To scrub up on your Spanish click here,there are so many Spanish speaking countries in the world and so many more that speak a variant of Spanish it is always good to keep a few Spanish phrases in your arsenal!
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How to Say Thank You in French
Saying thank you in French is as easy as it is in Spanish. To day thank you in French you say ‘merci’ to say thank you very much you say ‘merci beaucoup’ which again, is very easy! How is your French accent? Any good?
French is another really useful language to know even a little bit of. There are many French speaking nations in Africa and even in the Caribbean too! There are always lots of French travellers on the road so to be able to communicate with them and find our their travel tips would be a big bonus!
You can test yourself with learning French on the road. There are always French books in book swaps at hotels and guesthouses! Pick one up and challenge yourself!
Want to know more about the country of love? Check out these interesting articles:
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How to Say Thank You in Italian
There is a lot of cross-over between the French, Italian and Spanish languages. This can make them both harder and easier to learn!
The Italian word for thank you is ‘grazie’ pronounced ‘grat-see’. As you can see and hear it is quite similar to the Spanish word for thank you ‘gracias’.
If you want to extend your most sincere thanks to someone then you should say ‘molte grazie’. To offer thanks with sarcasm or in jest you can say ‘grazie tante’ which means thanks a million!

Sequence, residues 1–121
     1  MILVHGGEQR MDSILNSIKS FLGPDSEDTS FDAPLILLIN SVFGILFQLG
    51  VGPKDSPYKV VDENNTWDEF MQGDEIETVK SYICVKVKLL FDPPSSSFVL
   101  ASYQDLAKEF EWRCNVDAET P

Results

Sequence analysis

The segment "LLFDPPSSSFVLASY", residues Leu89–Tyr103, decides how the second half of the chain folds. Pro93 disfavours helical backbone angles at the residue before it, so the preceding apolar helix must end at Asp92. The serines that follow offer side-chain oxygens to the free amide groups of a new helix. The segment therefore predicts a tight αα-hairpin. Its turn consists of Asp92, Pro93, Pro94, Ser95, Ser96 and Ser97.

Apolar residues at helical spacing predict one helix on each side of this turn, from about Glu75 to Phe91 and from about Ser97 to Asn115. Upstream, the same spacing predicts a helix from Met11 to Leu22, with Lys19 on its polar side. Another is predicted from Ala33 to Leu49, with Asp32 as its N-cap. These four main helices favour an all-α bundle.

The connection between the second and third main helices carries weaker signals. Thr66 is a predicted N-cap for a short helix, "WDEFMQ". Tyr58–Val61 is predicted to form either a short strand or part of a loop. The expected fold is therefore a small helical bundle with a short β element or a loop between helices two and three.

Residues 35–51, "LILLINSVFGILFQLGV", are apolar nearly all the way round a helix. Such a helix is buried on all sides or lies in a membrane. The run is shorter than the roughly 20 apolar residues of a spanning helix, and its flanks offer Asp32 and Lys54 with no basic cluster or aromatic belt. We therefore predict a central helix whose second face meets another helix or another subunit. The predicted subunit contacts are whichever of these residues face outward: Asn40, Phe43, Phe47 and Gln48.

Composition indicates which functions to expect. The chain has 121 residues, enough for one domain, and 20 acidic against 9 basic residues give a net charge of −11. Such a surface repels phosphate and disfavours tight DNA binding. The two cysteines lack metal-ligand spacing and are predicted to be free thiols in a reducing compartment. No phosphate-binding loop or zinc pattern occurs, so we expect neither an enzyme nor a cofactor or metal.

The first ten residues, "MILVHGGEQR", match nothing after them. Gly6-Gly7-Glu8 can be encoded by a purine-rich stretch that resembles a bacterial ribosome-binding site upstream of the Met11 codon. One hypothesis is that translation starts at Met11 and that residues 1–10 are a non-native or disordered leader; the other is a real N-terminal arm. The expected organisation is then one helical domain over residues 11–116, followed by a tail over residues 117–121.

Deciding to travel to beautiful Italy? Check out these interesting article:
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How to Say Thank You in German
To say thank you in German is easier than you may think. Simply saying ‘danke’ will mean you are extending your thanks to a German speaker. If you want to be a little more formal you can say ‘danke schön’. Unlike in French you do pronounce the ‘e’ when you speak German, so ‘danke’ is pronounced ‘dan-ka’.
To offer your most sincere gratitude to someone you can use the phrase ‘Ich bin Ihnen sehr dankbar für’ or even ‘vielen dank’. These take a little more practice, especially on the accent front so give it a go, don’t be shy now!
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How to Say Thank You in Russian
Russian, like German, can often sound like a harsh and aggressive language, that’s not to say the people are rude, far from it! If they were a rude nation there would be no word for thank you would there not, but all there is!
The word for thank you in Russian is ‘spasibo’ pronounced ‘spas-i-bu’. To extend even greater thanks you can say ‘spasibo bolshoi’ which means thank you very much.
The Russian language adheres to the Cyrillic alphabet so for readers of the latin alphabet (like English speakers) Russian can appear tricky to understand. Once you have your tongue wrapped about the standard letters and phonic sounds you’ll be fine!
Interested in Russia cities and culture, check out:
How to Say Thank You in Hawaiian